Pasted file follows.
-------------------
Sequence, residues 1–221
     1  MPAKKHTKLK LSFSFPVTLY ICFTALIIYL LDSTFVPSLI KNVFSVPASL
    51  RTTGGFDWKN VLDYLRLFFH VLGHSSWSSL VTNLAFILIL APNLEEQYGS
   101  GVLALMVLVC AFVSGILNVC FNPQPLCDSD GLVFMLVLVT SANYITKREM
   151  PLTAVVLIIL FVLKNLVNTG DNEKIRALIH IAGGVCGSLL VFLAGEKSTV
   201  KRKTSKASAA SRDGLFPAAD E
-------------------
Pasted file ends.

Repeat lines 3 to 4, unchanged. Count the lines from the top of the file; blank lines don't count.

    51  RTTGGFDWKN VLDYLRLFFH VLGHSSWSSL VTNLAFILIL APNLEEQYGS
   101  GVLALMVLVC AFVSGILNVC FNPQPLCDSD GLVFMLVLVT SANYITKREM